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Statistics in Medicine Syllabus, Summer 2015

Prerequisites There are no prerequisites for this course. Students will need to be familiar with a few basic math tools: summation sign, factorial, natural log, exponential, and the equation of a line; a brief tutorial is available on the course website for students who need a refresher on these topics.

Course Schedule Week 1, June 24-June 30: Descriptive statistics and looking at data Week 2, July 1-July 7: Review of study designs; measures of disease risk and association Week 3, July 8-July 14: Probability, Bayes’ Rule, Diagnostic Testing Week 4, July 15-July 21: Probability distributions Week 5, July 22-July 28: Statistical inference (confidence intervals and hypothesis testing) Week 6, July 29-August 4: P-value pitfalls; types I and type II error; statistical power; overview of statistical tests Week 7, August 5-August 11: Tests for comparing groups (unadjusted); introduction to survival analysis Week 8, August 12-August 18: Regression analysis; linear correlation and regression Week 9, August 19-August 25: Logistic regression and Cox regression Final Exam Period: August 26-August 30

Optional Content The course offers a number of optional videos and modules. These cover more in-depth math topics, proofs and derivations, more challenging problems, or training in data analysis in R (with Deducer). You may link to some, all, or none of these modules depending on your interest and math background. Skipping these extra modules will not affect the continuity of the course; and they are not required for course completion (earning a certificate).

Course Logistics The course is divided into weekly units. Homework for each unit is due weekly by Wednesday at noon Pacific Time (which is equivalent of 7:00pm UTC). For example, Unit 1 homework is due Wednesday July 1 at 12pm PDT and Unit 2 homework is due July 8 at 12pm PDT. Students may work ahead on the course materials and submit homework early. Students can monitor their individual progress and cumulative grade on the course website.

Grading Formula/Policies



(students will have multiple attempts to get the right answer)



(the lowest grade of the 9 problem sets will be dropped)

Final Exam………


(multiple-choice exam available at the end of the course)

Late homework will receive a score of 0; however, the lowest of your 9 scores will be dropped so you can turn in one homework late without penalty. You should work ahead on the homework if you anticipate a scheduling conflict.

To earn a certificate, a score of at least 60% is required. To earn a certificate with distinction, a score of 90% is required.

Optional Readings There are no required textbooks for this course. Dr. Sainani authors a column called Statistically Speaking for the journal PM&R. PM&R and Elsevier have generously agreed to make these articles freely available to students in this class. Links to these optional reading articles are provided with the weekly content.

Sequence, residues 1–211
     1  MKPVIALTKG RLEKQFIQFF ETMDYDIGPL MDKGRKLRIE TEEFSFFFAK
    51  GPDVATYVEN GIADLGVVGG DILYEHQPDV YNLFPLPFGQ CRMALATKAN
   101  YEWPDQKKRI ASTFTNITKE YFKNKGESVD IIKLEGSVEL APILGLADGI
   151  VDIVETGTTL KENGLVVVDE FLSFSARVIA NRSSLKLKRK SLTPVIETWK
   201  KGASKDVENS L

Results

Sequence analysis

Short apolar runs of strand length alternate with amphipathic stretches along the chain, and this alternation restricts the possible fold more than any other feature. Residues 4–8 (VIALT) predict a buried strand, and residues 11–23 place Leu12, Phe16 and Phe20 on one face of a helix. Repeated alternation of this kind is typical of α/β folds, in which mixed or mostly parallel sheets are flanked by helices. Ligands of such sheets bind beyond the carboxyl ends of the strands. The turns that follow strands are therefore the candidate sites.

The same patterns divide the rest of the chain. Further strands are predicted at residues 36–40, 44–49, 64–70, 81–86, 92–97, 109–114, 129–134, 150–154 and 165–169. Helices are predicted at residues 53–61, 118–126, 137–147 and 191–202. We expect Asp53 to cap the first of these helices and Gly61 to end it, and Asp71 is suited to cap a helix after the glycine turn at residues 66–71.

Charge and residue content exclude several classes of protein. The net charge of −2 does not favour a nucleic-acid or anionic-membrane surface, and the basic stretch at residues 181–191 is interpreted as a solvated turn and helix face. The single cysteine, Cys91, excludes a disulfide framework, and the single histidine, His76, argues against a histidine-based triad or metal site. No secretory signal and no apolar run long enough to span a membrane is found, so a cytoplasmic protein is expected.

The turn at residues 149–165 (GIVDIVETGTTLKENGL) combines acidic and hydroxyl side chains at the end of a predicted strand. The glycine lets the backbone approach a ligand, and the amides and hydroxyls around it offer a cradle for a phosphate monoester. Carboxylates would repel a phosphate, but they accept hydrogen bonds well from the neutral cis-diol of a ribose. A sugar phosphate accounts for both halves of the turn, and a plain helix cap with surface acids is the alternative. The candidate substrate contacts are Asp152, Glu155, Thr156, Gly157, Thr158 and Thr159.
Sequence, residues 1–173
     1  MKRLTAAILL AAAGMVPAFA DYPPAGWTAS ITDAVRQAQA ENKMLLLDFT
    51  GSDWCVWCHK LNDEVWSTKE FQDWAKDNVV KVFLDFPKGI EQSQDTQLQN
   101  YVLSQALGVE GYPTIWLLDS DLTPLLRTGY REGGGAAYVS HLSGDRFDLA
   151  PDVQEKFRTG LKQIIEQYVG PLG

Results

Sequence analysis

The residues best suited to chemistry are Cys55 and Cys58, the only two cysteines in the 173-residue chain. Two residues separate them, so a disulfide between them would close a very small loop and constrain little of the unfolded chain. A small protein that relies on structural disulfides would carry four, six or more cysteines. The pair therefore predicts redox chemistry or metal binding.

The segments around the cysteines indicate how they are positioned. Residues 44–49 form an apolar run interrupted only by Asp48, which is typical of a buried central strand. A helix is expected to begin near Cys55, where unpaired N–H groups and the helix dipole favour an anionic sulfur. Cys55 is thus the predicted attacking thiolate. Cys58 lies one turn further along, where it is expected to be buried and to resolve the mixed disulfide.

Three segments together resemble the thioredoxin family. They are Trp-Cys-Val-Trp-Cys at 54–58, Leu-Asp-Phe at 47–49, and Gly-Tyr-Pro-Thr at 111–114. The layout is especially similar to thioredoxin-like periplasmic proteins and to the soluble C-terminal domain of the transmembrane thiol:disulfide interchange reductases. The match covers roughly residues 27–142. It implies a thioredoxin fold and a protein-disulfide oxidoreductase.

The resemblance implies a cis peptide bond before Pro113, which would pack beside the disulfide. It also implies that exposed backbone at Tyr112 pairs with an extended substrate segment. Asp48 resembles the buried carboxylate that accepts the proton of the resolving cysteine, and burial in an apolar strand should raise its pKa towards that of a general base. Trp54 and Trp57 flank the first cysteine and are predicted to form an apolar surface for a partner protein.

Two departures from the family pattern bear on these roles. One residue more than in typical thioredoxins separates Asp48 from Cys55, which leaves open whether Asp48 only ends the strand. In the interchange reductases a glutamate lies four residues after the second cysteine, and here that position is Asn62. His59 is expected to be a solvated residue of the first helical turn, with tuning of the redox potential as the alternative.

Students may also benefit by reading the following optional books:

What is a P-value anyway? By Andrew Vickers The Signal and the Noise By Nate Silver

Outcomes After completing this course, you will (1) have a deeper appreciation for how to interpret and look at data; (2) understand how statistics and probability apply to real-world problems; and (3) be able to critically evaluate the statistics in medical studies.

Additional FAQs

1. Do I need a strong math background to be successful in this course?

No. This course focuses more heavily on conceptual understanding. Math is a necessary part of the course, but I will explain the math as clearly and simply as possible and minimize the use of unnecessary mathematical notation. You will have to perform basic calculations and need to understand basic math concepts (including: summation sign, factorial, natural log, exponential, and the equation of a line); if you need to review these concepts, please take the math refresher tutorial available on the course website before starting the rest of the course. No calculus is required.

2. Do I need to know computer programming to be successful in this course?

No. The assignments for this course can be done with a calculator or by hand; you do not need to know statistical programming. The course offers optional modules in R programming (with Deducer) if you would like this training.

3. If I like math, will this course be rigorous enough for me?

Yes. I prefer to emphasize concepts over formulas, because modern statistics has little to do with plugging numbers into formulas. However, the course is still mathematically rigorous. Also, if you want to build a more mathematically sophisticated course, you can watch the optional modules that cover more advanced math topics, including proofs.

4. Will I benefit from this course if I’ve taken an introductory course in probability and statistics before?

Yes! If you’ve had a previous course in statistics, but aren’t confident that you “get” statistics or that you can apply statistics to real-world examples, this course is for you! This course was designed precisely to fill in these conceptual gaps. If you are already familiar with basic topics in statistics (p-values, Bayes’ rule, ttest, etc.), this course will help you gain a deeper understanding of these topics, as applied to real-world examples.

5. Can I take this course to learn probability and statistics even if I’m not coming from a medical discipline? Yes. Though this course is targeted at medical students and medical professionals, the basic concepts taught in the course are portable to other disciplines. Since health and medicine affect us all, you should find the examples to be interesting and relevant even if you are not studying medicine.